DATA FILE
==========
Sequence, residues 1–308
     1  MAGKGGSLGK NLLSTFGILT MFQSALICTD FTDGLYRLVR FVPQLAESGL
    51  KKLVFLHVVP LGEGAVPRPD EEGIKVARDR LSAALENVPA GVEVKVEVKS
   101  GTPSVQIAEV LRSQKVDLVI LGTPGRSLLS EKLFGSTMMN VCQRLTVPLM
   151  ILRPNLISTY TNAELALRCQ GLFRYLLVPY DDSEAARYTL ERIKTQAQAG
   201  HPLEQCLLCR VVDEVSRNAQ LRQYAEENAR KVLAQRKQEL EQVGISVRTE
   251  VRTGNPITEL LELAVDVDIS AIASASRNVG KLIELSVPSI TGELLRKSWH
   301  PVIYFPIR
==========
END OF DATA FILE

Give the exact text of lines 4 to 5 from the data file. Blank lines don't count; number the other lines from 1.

   101  GTPSVQIAEV LRSQKVDLVI LGTPGRSLLS EKLFGSTMMN VCQRLTVPLM
   151  ILRPNLISTY TNAELALRCQ GLFRYLLVPY DDSEAARYTL ERIKTQAQAG